Frankly, a trip away from home with the boys is not much fun if all the boys drop out. But I looked so crestfallen, The Fair Lady Scully took pity on me. Number Two Son was called on to take charge of Castle Scull for the weekend and, with only an hour’s delay in setting out, I took my good lady wife away instead.

Much better than a weekend with chaps, to be honest…


Mondial Piega – Don’t see many of them about

August 14th, 2014

I saw a Mondial Piega today. I’ve never, ever seen one in the flesh before.

Mondial Piega

If you’ve never heard of it, that’s not surprising. It’s a really rare thing. When Honda was struggling to get started, Italian manufacturer Mondial helped them. Then in 2002, Honda returned the favour and gave Mondial a number of SP-1 engines to help revive the brand – they only people Honda had ever supplied their engines to (at least until the dawn of Moto2).

It’s a very pretty little motorcycle – a silver-and-blue sportsbike with, I think, flowing lines that are every bit as attractive as the MV Agusta F4. But this is even more exclusive. Only a handful have been built and I’m sure that at least half of them are in collections, not being ridden. So it was a surprise to see one parked up in – honestly – a LIDL car park.

Now, if they start selling THOSE at knock-down prices…


My keeper – Honda CB400:4

August 11th, 2014

If I was going to have a classic – which would have to be one bike to keep – I think it would have to be a Honda CB400:4.

Honda CB400 4

I had one in the early Eighties, just after passing my test. I never should have sold it. Of course, by today’s standards the motor is weedy and it’s woefully underbraked. I don’t care. It was the sweetest little bike. It’s the one I wish I’d kept.

Maybe I should keep my eyes out for one?


Fantastic weekend in Matlock – Lolo’s Review

August 8th, 2014

We road some spectacular roads into the High peak stopping for the most hilarious talk and boat ride into the lead mines at speed well cavern. We then road some beautiful roads include the via Gellia through Matlock to our B&B, Riverbank Guest House.

Lolo Gibbins Riverbank House Matlock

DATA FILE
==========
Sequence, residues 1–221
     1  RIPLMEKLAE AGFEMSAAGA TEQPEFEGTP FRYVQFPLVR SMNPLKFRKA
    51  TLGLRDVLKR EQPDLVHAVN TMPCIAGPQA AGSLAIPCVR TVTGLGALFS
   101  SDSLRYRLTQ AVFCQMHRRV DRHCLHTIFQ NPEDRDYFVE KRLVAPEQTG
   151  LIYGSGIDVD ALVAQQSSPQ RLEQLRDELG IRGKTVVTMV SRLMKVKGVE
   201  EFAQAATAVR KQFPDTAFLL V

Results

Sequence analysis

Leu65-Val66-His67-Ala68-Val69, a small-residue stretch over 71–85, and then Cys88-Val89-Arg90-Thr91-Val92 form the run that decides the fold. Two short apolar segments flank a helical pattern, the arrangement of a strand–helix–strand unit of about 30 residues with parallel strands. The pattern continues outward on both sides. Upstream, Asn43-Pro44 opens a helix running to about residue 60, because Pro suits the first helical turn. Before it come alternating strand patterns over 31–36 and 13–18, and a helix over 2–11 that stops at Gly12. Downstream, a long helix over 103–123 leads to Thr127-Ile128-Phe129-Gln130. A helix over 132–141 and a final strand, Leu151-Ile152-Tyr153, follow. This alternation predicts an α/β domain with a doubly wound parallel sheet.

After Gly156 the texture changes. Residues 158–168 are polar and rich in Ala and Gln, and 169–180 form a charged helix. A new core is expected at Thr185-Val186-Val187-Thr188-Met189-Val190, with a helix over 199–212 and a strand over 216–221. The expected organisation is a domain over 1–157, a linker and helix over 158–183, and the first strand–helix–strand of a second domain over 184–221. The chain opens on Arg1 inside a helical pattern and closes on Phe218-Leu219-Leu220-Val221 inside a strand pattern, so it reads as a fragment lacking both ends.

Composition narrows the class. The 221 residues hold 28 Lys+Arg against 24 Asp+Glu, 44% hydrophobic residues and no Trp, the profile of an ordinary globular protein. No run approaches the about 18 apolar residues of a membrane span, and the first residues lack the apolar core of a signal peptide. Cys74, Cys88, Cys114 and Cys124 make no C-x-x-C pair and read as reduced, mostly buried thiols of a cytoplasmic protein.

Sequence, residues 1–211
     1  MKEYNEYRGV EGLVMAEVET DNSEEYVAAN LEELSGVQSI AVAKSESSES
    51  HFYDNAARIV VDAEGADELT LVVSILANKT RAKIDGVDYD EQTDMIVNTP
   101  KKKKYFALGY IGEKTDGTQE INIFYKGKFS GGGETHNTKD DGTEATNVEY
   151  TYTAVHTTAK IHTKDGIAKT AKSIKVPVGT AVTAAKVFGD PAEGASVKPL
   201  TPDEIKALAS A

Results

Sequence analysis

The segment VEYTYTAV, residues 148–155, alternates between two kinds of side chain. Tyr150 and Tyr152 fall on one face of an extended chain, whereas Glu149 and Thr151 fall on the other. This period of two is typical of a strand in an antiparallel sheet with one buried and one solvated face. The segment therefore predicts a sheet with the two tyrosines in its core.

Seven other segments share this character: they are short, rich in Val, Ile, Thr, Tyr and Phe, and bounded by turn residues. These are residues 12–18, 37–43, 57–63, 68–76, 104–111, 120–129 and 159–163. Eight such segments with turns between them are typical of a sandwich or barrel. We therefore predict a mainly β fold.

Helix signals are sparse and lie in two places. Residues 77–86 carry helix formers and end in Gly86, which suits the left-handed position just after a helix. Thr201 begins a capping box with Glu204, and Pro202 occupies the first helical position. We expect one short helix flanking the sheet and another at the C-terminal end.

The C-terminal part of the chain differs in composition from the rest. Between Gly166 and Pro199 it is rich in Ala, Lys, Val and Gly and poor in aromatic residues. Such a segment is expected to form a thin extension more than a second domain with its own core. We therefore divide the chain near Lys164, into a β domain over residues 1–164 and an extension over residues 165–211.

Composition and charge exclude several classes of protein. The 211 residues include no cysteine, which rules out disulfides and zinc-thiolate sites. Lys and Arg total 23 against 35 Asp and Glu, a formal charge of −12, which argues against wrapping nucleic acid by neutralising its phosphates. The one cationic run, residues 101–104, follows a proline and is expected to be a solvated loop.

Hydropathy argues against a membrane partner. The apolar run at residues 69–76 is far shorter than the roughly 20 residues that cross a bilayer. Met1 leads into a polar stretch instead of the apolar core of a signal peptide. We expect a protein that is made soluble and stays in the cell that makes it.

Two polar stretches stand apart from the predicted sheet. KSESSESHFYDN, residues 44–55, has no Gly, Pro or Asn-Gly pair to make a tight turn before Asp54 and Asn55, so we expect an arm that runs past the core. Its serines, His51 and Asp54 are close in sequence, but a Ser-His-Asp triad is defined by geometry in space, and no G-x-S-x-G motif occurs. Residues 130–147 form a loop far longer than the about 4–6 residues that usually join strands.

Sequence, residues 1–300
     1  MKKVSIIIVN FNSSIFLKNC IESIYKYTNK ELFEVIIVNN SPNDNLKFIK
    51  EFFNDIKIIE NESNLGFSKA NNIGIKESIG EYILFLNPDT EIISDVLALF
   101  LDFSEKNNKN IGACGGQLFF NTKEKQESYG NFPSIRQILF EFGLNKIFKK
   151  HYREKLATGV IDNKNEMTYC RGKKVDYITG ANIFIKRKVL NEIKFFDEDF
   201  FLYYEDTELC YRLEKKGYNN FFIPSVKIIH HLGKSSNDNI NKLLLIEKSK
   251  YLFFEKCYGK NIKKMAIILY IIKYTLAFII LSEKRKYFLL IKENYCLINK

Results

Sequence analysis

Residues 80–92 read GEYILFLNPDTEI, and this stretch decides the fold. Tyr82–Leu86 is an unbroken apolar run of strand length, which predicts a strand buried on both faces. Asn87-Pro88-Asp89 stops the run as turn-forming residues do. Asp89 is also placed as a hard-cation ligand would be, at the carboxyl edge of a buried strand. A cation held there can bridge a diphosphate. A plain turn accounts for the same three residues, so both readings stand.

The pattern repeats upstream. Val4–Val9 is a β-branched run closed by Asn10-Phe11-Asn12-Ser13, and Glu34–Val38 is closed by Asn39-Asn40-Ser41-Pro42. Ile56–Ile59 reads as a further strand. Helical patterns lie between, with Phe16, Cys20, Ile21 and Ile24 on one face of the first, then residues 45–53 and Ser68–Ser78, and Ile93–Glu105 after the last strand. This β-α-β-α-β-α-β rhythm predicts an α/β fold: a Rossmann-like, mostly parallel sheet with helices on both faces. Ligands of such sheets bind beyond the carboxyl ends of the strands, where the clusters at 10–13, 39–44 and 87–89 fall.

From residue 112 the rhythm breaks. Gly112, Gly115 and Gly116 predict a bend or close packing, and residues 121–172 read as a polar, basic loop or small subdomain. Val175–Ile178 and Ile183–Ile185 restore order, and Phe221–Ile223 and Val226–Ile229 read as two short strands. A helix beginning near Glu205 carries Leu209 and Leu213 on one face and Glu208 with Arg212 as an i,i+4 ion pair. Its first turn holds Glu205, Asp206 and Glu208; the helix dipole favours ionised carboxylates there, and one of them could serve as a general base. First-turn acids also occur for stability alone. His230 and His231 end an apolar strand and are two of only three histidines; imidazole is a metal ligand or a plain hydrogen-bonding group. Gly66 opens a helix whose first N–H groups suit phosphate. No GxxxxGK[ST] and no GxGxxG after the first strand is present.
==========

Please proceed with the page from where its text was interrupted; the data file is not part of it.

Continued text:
We were greeted with a nice welcome and the owner moving their car so the bikes had a safe place for the night. Once unpacked we walking into Matlock where there was plenty of places to eat, from Italian, English, Chinese, to plenty of takeaways and a few inviting pubs.

As the weather was so nice we decided to have a picnic in the park next to the river then returned to the B&B and had a well-earned glass of wine in their lovely garden. The room was clean and bright with everything you need from tea making facilities, TV, shower, hue windows and ceiling fan. The breakfast was great and staff very attentive.

The B&B is so close to many of the peak districts attractions that we managed to stop at the steam trains, Haddon hall, Chatworth house and a visit to the museum and village at Eyam on our way home.

All in all a lovely relaxing weekend away, thanks again to Jennie, Graham and Shelley at Riverbank and to all at MotoGoLoco for our prize!

- Lolo & Scott Gibbins

About the Venue

Riverbank Guest House
Derwent Avenue

01629 582593
Web listing



August 8th, 2014

Classic Motorbike

I’m not a fan of old things in general. I suppose that’s an IT-industry thing: the march of technology is a good thing; anything old is obsolete and therefore without value. But I do like old bikes. I don’t have one because I’ve observed that you can either devote a lot of time and care to the maintenance needed to keep them in tip-top condition, or you accept that you’ll spend a lot of time being let down by them – whether that means breaking down on the road or not even starting.

I don’t have the time for that level of maintenance and I don’t have the patience for bikes that break down all the time. But then, I do feel I’m missing out a bit by not having a classic.

Barry’s Scheme

August 7th, 2014

My old mucker Barry the Builder has two bikes. Both of them are Triumphs. One’s a proper classic Bonneville, one of the first unit-construction jobs from 1963. It had been his father’s – not from new, but he was the second owner. Barry restored it after the old man had a stroke (it had been rotting in the garage since the Eighties anyway). He’ll never part with it. For me, that’s the definition of “a keeper”.

It’s the opposite of bikes like the Huskie Nuda I tried the other day: a bike that you probably won’t hang onto for long but is great fun while it lasts.

Triumph Bonneville

Barry’s old Bonnie isn’t actually much fun, of course: it’s a temperamental brute of a bike that will run sweetly one day then splutter and stall on the next, for no apparent reason. I helped him rebuild the engine and though it’s pretty basic, fettling it left no knuckle unskinned and despite our best efforts it’s still not quite free of the traditional Triumph oil leak. It’s frustrating, for all that it is a keeper. So Barry does need a second bike.

Barry’s other Bonneville is a modern one. And he told his wife that it’s a keeper too. That’s why she agreed to let him get a second motorcycle. She really doesn’t care too much about the bikes: they just sit under covers and waste space in the garage as far as she’s concerned.

The covers are crucial to Barry’s scheme. Because his other Bonnie, the modern one, is anything but a keeper. To my knowledge he’s had three in the past ten years. There may have been four. His wife (don’t worry – she loathes bikes so she’ll never read this) has never lifted the covers or even noticed that it keeps changing colour…

Clever fella, that Barry.

Subscribe to our newsletter

Get the latest MotoGoLoco news and competitions direct to your inbox.